Vienna, a Friday at the end of September 2019. A girl, perhaps 12 years old, is standing on an elevated spot, upright and full of energy. She shouts through a megaphone: “What do we want? Climate justice! When do we want it? Now!” Fascinated, I watch her for a while. It’s for the first time in many years that I take part in a rally again, a demonstration with thousands and thousands of young people stating in a positive and creative, serious and determined way that we must no longer treat the planet we are allowed to live on like we do now.

I feel enthusiasm rising in me. I had already given up hope that the youth would rebel against the destruction of the Earth. And now this movement! Many thanks, Greta! Thank you for taking it upon yourself to be the spark that has awakened the slumbering potential in so many people.

But how can I dare to project my hopes and expectations onto the young people? Didn’t my generation emit more greenhouse gas than any other generation before? Did we know too little to act differently? Back home, I rummage through my old photos. And I really find what I was looking for: a photo of me as a 15-year-old in a Greenpeace sweater which says “Save the climate”. It’s a photo from March 1989! Yes, we have known about it for more than 30 years, but we failed to change course as long as this would have been possible without major upheavals.

And today? Is there reason for hope today? To me, “system change, not climate change” is the most important message here. We can already observe how the (economic, social, value and thought) system reacts if it does not change: A wave of greenwashing is sweeping over us (even oil heating and meat consumption are presented to us as climate-friendly) and absurd geoengineering plans are being rolled out. And – particularly perfidious – the argument of climate protection is being misused for inflicting further damage on nature and biodiversity.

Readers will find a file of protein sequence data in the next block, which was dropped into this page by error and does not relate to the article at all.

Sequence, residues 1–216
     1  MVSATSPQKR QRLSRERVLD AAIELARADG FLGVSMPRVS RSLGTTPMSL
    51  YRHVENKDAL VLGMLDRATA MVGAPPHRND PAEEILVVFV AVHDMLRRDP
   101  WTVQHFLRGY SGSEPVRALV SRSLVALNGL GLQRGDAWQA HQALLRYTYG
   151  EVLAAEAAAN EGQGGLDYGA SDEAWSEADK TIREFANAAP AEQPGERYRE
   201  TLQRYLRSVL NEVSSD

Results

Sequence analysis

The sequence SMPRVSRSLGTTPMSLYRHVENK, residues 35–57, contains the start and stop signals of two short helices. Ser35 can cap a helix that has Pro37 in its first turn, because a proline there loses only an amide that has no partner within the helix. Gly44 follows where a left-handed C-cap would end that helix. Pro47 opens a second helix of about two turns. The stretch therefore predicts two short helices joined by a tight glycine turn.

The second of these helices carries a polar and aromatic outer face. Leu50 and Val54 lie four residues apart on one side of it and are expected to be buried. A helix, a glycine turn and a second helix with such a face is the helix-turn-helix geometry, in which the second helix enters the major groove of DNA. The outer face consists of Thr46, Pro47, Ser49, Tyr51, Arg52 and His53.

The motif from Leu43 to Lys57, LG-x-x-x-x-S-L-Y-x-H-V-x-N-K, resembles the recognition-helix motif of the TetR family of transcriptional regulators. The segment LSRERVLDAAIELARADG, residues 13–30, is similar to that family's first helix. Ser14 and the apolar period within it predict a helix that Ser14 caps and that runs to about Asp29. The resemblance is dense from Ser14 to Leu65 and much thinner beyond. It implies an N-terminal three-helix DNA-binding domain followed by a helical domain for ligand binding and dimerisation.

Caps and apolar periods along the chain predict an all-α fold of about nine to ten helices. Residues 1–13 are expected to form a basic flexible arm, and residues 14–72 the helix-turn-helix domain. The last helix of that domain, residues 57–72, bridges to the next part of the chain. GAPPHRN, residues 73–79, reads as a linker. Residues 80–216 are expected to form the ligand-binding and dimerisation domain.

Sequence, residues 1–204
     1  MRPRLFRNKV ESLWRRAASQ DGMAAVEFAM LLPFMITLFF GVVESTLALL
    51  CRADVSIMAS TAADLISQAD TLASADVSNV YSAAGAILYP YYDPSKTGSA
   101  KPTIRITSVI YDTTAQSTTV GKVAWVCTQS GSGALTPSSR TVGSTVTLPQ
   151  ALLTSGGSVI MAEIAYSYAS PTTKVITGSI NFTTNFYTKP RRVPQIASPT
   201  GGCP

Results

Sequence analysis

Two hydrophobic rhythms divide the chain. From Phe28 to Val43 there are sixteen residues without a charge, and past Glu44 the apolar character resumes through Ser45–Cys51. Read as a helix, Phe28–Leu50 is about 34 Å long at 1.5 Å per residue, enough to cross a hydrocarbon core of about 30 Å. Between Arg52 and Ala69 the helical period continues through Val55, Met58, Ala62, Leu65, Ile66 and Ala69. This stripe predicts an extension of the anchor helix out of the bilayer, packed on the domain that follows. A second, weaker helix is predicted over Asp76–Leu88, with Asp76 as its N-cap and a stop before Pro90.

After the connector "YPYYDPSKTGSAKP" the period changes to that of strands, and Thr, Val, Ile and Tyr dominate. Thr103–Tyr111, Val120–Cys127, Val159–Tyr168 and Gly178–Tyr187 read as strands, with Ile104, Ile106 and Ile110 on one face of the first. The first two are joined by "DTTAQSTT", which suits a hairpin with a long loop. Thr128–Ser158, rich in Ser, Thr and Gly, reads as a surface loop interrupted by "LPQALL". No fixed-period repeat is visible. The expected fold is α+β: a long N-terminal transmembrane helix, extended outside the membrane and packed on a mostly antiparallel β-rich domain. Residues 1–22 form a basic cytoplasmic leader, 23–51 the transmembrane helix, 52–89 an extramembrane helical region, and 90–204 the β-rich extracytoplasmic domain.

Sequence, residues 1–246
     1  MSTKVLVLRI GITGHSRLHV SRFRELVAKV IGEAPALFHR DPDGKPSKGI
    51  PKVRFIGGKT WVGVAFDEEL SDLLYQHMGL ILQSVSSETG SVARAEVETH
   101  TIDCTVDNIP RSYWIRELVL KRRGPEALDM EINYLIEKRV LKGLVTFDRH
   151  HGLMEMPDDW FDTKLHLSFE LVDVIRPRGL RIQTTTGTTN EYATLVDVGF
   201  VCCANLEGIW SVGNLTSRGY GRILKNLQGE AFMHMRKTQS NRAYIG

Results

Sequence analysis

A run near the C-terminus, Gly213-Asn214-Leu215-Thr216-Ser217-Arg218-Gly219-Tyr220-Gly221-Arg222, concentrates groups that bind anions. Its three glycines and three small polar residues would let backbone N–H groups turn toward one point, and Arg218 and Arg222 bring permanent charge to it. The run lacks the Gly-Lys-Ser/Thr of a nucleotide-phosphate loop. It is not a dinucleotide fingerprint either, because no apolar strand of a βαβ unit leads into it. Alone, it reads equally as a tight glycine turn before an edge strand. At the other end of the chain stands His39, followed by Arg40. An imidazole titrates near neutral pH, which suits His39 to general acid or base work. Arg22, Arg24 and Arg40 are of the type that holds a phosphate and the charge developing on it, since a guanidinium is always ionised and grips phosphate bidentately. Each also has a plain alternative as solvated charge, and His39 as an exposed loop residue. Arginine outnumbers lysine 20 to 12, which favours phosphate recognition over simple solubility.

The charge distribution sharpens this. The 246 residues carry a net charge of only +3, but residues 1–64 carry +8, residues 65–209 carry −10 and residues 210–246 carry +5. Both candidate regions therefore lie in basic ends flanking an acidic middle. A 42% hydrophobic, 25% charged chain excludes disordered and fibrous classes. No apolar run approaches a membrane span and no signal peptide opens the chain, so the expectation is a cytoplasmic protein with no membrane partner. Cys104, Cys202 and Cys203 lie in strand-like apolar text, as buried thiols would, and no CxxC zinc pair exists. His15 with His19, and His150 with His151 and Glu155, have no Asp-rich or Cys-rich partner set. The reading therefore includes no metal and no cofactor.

Take the energy issue, for example: the most obvious solution, namely to consume less energy, does not fit into our system, which (on a finite planet!) is geared towards perpetual consumption growth. So the last free-flowing rivers are destroyed by (‘small’) hydroelectric power plants, millions of bats are killed by wind turbines and habitats are replaced by lifeless ‘biomass’ monocultures.

Is there hope for a system change? Actually, why not? However, this requires a fundamental change in two key factors: firstly, in decision-making more weight must be given to scientific findings, and secondly, we need a system that is not based on constantly growing consumption and GDP. It will be crucial that a critical mass of the population realizes that quality of life, joy and happiness are not defined by ‘more consumption’, and we will have to go economic paths that take into account far more than just monetary factors.


Clemens Purtscher

Ecologist and freelancer for Shifting Values since its foundation in 2011


PS: There are currently several European Citizens’ Initiatives on climate action open for statements of support: